Advice Bureau, helping the community in any way he could.
Hume inherited this public service ethos, initially
training for the priesthood before deciding the life was
not for him and becoming a French teacher.

Hume was one of the new generation of educated young
Catholics who set out to end the blatant discrimination
they saw around them. Establishing a credit union was part
of that process (as was, on a lighter note, the formation
of the Derry Dancing Club, where he met Pat). It was not
all bread and butter politics. He was dazzled, for a time,
by the romance of radical nationalism, in all its flag-
waving, poetic splendour, but a few words from his father
brought him back to earth. "You can't eat a flag," he was

It was 1968 and the only place for angry young men to be
was on the streets. Hume quickly rose to prominence in the
civil rights movement. He was a good organiser and speaker.
Most importantly, he could bring people together. He
learned the hard way what it felt like to be on the wrong
end of RUC tear gas and water cannon. It was not to be the
last time he tasted violence. In the most serious
incidents, he had a gun pulled on him and his home

Regardless of the dangers, Hume did not turn back.
Throughout the course of his career he would have praise
and calumny heaped on him in equal measure, especially
after it emerged he had been having secret talks with Gerry
Adams. At various times, one side called him a
collaborator, the other a fool. Those were among the kinder
epithets. Yet he stuck with it.

What is remarkable about Hume's political ideas is their
consistency. He set out believing that the only way to end
the violence in Northern Ireland was through power sharing,
and the only way to a united Ireland, if that was what the
people wished, was through consent. It would take a
generation, and almost 3000 people to lose their lives, for
those basic ideas to be brought to life in the Good Friday
Agreement. His only regret is that it did not come about

Even now he would get involved again. Asked if he still has
contact with the key players, and in particular Adams, the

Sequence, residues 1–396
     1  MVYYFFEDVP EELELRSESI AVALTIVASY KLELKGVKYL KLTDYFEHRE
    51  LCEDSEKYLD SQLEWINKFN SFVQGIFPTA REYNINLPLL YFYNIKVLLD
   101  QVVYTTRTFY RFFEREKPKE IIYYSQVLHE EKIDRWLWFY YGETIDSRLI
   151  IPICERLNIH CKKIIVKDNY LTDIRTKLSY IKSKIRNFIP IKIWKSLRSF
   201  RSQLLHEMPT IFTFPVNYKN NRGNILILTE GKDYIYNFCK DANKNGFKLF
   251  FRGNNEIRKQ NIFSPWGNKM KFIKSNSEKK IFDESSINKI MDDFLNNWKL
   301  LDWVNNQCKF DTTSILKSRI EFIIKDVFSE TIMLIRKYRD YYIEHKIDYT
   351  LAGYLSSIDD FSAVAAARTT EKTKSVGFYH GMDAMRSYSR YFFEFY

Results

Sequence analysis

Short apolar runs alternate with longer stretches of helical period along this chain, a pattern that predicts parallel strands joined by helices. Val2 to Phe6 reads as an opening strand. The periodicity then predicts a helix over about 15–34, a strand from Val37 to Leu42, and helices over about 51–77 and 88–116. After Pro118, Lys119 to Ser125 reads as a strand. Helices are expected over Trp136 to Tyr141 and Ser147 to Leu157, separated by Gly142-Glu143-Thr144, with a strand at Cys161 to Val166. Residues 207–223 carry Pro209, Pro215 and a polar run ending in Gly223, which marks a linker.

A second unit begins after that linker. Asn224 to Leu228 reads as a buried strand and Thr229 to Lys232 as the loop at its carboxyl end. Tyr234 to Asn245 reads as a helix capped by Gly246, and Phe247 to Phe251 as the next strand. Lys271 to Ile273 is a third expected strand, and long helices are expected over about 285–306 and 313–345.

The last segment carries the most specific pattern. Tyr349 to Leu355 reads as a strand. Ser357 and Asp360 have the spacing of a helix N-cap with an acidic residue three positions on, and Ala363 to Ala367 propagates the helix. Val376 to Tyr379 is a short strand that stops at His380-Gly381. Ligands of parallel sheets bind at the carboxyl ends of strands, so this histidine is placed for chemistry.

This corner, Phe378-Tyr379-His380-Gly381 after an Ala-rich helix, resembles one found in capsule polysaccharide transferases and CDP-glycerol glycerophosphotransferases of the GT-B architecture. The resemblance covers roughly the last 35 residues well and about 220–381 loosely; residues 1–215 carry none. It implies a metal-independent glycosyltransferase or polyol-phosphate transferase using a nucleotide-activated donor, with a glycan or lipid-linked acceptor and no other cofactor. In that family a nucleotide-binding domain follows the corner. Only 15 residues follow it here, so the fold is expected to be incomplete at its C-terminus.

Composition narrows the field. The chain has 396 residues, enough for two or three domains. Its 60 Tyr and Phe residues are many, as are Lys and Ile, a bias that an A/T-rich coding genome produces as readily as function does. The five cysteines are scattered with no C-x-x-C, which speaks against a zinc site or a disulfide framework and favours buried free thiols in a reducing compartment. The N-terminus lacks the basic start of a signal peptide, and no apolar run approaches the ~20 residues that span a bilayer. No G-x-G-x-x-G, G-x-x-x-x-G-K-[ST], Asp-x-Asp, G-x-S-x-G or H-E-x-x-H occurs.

diplomat in him comes to the fore. "I don't have fixed
links with people from all the parties, but if I meet them
at an occasion we have a chat." Could he be lured out of
retirement? "If there is anything I could do to help I
would certainly be prepared to do it."

Poor health might place a limit on his contribution,
although it does not seem to have stopped him travelling
the world to lecture on conflict resolution. He believes
the model that brought peace to Northern Ireland – respect
for differences, the setting up of institutions that
respect those differences, and working together in the
common interest – could be applied to any conflict. Even
that between al Qaeda and the west. The way to begin, he
says, is by each side stating that their objective was not
to defeat the other but to live together in peaceful

Coming from anyone else, such a sentiment might seem naive.
But John Hume has walked the walk and talked the talk on
peace. He is living proof that the old Kennedy saying is
true. One man can make a difference, and every man should


Opin: Unionist State Brought About The Troubles


This time last year I tried do get Fr Alec Reid to talk to
me about his role in bringing about the IRA ceasefire of
1994. He wouldn't do it.

I was making a television documentary for TG4 and had
managed to interview most of the protagonists, including
John Hume and Gerry Adams, former Taoiseach Albert Reynolds
and former British premier John Major, as well as former
military activists from the IRA and the loyalists.

Gerry Adams in particular – John Hume as well – was adamant
that Fr Reid had played an early and pivotal role in
bringing those two political leaders together in the hope
that they could agree on an alternative route for
nationalism that would allow republicans to consider
setting aside the gun and the bomb.

My programme aimed to show how that alternative was indeed
brought about, but Fr Reid declined to take part. I must
have spoken to him on four or five occasions to try to get
him to change his mind, but no dice.

He was particularly concerned that his recent role in
helping the Basque people develop their own Peace Process
might be jeopardised if it appeared that he was prepared to
talk to the media about sensitive issues with regard to the
Irish situation.

Even though the events I was interested in had taken place
more than 10 years previously, Fr Reid still said no. And
that was fair enough, we just had to go and make our
programme without him.

So you can see why I was quite surprised to see him
becoming embroiled in a slagging match on television with

I don't know Fr Reid. Aside from the few telephone
conversations I had with him last year in which I did my
level best to bring him on board for the Sos Cogaidh
programme, I have never spoken to him. Can't ever remember
meeting him, even.

But I know from talking to others that Alec Reid is a
thoroughly decent and honest person, a man so totally